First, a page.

Samsung Finally Patches the 0-Click Vulnerability

May 7, 2020
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Samsung has come a long way ever since they stepped into the Android grounds. They did have a rocky start as far as software is concerned mainly because of delayed updates, unstable software, and other such issues. However, as far as software is concerned at the time of writing, Samsung is at a much, much better stage. As a matter of fact, we talked about how buying a Samsung phone at this time makes the most sense for anyone who wants to buy an Android device.

With that said, not everything is good, however. For those who do not know, back in 2014, a critical vulnerability was found. This vulnerability has impacted all the smartphones that were released in 2014 and onwards.

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Samsung Has Released a Patch That Patches the 0-Click Vulnerability

The security flaw pertained to how Samsung handles the custom Qmage image format (.qmg). Samsung smartphones started using this format back in 2014. A researcher on Google's Project Zero bug-hunting team Mateusz Jurczyk, found out a way that will let one exploit the Android graphics library called Skia and how it handles all the Qmages that are sent to the device.

As per Jurczyk, the bug can be exploited in a zero-click scenario. This also means that the user does not need to interact with the device at all. The reason why it happens is that Android sends all the images that are sent to the device to the Skia library for processing; the processing means generating thumbnail previews and other similar tasks -- this happens without user's knowledge.

The researched created a proof-of-concept demo that exploited the bug against Samsung's messaging app. All the Samsung devices that were capable of handling SMS and MMS were prone to this exploit.

According to Jurczyk, the bug was exploited by sending repeated MMS messages to a Samsung device. Each message then attempted to guess the position of the Skia library in the phone's memory, this is considered as a necessary step to bypass Android's ASLR (Address Space Layout Randomization) protection.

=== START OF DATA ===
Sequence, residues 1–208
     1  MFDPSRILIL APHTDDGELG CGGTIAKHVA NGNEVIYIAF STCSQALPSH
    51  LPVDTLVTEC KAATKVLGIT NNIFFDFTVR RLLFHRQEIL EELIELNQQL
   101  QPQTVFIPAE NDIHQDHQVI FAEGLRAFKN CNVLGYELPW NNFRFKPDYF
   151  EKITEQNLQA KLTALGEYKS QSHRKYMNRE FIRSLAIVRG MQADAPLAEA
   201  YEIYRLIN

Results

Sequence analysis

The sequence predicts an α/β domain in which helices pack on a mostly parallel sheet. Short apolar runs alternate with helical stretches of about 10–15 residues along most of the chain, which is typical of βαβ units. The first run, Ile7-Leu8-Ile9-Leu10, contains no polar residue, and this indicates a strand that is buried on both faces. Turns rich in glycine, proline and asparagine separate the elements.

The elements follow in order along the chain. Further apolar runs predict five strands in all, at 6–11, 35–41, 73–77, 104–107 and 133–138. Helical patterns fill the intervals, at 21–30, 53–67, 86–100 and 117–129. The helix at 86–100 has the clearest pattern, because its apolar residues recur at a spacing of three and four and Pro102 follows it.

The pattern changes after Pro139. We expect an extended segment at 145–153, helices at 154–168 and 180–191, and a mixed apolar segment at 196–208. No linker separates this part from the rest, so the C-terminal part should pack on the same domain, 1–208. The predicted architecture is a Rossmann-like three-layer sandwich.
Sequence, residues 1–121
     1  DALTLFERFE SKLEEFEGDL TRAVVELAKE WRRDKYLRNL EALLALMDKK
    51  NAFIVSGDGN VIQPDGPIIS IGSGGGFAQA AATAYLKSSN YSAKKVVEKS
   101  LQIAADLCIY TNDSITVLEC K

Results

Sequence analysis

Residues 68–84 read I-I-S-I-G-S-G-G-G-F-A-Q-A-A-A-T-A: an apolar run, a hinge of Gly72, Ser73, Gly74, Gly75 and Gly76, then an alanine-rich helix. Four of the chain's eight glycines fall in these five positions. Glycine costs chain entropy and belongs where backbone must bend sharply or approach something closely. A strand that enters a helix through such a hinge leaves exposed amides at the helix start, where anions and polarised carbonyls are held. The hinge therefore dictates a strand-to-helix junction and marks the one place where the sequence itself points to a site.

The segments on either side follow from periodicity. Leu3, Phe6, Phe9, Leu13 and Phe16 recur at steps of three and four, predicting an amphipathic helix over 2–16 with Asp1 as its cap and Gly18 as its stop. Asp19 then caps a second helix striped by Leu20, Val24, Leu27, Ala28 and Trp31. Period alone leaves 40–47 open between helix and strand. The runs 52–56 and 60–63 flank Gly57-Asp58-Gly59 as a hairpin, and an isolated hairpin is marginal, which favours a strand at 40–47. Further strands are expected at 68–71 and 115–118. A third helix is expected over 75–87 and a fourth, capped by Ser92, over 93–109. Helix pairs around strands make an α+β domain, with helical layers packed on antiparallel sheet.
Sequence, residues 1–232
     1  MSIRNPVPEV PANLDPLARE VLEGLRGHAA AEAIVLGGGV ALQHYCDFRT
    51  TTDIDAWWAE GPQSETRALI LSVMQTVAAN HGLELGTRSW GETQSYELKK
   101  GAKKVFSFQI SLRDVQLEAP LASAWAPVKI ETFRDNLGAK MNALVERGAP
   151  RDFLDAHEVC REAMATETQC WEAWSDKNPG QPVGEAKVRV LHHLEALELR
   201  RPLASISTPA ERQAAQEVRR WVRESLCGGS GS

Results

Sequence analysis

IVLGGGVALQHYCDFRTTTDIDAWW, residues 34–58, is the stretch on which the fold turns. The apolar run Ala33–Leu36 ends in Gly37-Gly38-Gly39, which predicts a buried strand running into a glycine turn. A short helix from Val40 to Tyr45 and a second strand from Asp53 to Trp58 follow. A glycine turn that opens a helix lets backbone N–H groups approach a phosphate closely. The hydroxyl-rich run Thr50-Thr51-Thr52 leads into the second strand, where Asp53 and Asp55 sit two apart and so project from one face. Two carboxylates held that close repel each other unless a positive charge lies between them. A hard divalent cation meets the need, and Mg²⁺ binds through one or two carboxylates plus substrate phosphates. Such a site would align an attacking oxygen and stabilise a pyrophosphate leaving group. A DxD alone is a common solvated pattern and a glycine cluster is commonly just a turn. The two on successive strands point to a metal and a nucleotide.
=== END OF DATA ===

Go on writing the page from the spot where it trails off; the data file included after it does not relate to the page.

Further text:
Jurczyk continued and talked about how once the library was located in the memory, the last MMS is responsible for delivering the Qmage payload, which will then result in the attacker's code being executed.

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Below is a video showing this in action.

As per Jurczyk, the attack needs anywhere from 50 to 300 MMS messages before they can bypass the ASLR protection. Moving further, he also talked about how it can be modified in such a way that the user will not be alerted. Which means that a full-fledged attack can be initiated without triggering the notification sounds.

Jurczyk also talked about how he did not test the exploitation process through other methods. However, this exploitation is entirely possible on any app that is running on a Samsung device and is capable of Qmage images from a remote attacker.

Thankfully, Samsung has patched this vulnerability in the latest May 2020 security update. The issue is tracked as SVE-2020-16747 in Samsung's security bulletin and CVE-2020-8899 in the Mitre CVE database.

At the time of writing, smartphones from other manufacturers have not been impacted as Samsung appears to be the only one using the custom Qmage image format.

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